How Do I Improve My Odds?
- Created: Friday, 15 March 2013 16:04
- Published: Friday, 15 March 2013 16:04
By Randy Logsdon
Some of the larger football stadiums seat nearly 100,000 fans. Attending a professional football game or a major college bowl game in one of these stadiums is a treat – even if its cold and the seats are closer to the goal line than the midfield stripe. As you’re holding those tickets, suppose someone told you that seven of the fans attending that game would die. We don’t know which seven. Your chances are as good as the next guy’s. Would you attend, or stay home?
In 2012, 17 metal/non-metal miners were killed at work – operators and contractors combined. Third quarter 2012 MSHA data tells us that there are 246,156 operations and contract miners in the metal/non-metal mining industry (including office personnel). The 17 deaths in 2012 compute to seven for every 100,000 miners.
Nearly two of every 100 metal/non-metal miners suffered some sort of reportable injury. These are the odds we live and work with every day. We review the Fatalgrams (all 17) and sometimes we dig into the fatal reports. And more times than not, we wonder what was that guy thinking.
We separate ourselves from the unfortunate few who did something we would never do. Except that each of those seventeen victims, at one time or another rationalized a Fatalgram in exactly the same way.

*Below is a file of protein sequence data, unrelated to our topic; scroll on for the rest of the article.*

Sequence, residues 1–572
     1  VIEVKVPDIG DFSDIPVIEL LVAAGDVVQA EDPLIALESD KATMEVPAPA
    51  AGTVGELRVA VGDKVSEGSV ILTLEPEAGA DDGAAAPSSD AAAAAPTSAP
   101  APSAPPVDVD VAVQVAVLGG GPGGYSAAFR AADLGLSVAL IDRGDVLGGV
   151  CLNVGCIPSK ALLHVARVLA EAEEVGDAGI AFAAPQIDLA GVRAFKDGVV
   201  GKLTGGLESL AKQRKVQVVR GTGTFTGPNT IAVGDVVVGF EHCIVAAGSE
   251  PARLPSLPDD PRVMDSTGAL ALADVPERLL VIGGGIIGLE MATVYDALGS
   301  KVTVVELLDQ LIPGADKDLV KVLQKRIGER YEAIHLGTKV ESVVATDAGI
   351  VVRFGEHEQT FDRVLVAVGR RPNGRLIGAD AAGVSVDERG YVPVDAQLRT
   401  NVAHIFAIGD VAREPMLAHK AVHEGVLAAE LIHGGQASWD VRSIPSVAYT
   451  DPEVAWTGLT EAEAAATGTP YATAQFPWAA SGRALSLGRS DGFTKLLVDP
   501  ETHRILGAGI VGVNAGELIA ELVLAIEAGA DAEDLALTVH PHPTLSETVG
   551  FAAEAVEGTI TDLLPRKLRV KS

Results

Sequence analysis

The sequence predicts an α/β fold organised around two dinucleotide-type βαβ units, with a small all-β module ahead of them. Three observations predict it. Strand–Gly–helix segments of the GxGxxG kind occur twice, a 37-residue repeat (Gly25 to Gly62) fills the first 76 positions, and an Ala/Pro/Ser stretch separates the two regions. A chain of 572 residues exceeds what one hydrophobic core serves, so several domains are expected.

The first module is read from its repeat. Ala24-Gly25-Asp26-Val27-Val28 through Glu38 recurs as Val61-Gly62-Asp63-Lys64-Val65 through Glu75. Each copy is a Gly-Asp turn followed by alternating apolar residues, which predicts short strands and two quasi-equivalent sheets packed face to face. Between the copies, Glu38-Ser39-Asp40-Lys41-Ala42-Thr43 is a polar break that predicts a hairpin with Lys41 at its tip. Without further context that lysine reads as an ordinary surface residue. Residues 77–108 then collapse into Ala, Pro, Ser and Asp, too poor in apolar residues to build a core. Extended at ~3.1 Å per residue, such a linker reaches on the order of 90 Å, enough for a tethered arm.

On an individual level, we each perform some sort of a risk assessment in the tasks we perform – at work and away from work. I recognize the hazards associated with a particular environment, around certain equipment, and concerning certain tools. I understand the effects of visibility, distractions, inclement weather, and fatigue on my ability to operate.
I rely on my skills, training, knowledge and experience to guide me to the completion of my task successfully without mishap. I also take risks, drawing from those personal attributes (skill, training, knowledge and experience) to compensate for windy conditions, a touchy power tool, a poor nights sleep. Sometimes, I may even skip procedural steps because I’m that good.
I may function for a lifetime – even into retirement following this rational. Or maybe not. But risk is not something that applies only to me. There is another level. The risks that I accept and feel comfortable accepting are observed and modeled by that younger miner.
You know the one – the one who is still green but doesn’t know it. He recognizes my skill and appreciates my experience and so he patterns his behavior after mine but without the experience or wisdom to back it up. I didn’t ask to be this mentor.
But I am, therefore I have a moral responsibility to demonstrate the correct way – the safe way to perform these tasks. I don’t want someone performing over his head and getting injured or killed imitating me.
Following My Lead
Unlike my young friend, metal/non-metal miners across the country do not follow my lead. But in studying the Fatalgrams and the reports, I don’t know these people, their families, or their coworkers. But I’ve discovered that they’re not all young. Some have more experience that I do. In fact, while I won’t admit it publicly, I’ve caught myself doing some of those things that led to their demise.
In each of the last five years, between four and seven metal/non-metal miners died in powered haulage incidents – mobile equipment and conveyors. If averages hold, at least five more miners will die in similar incidents this year.
Proportionally, that’s like losing five of 71,500 fans in the stadium. So, now I’m wondering if the extra risk that I’ve been accepting is worth the benefit. There will be five! Am I so sure one of those five will not be me?
I do know that I can improve my odds.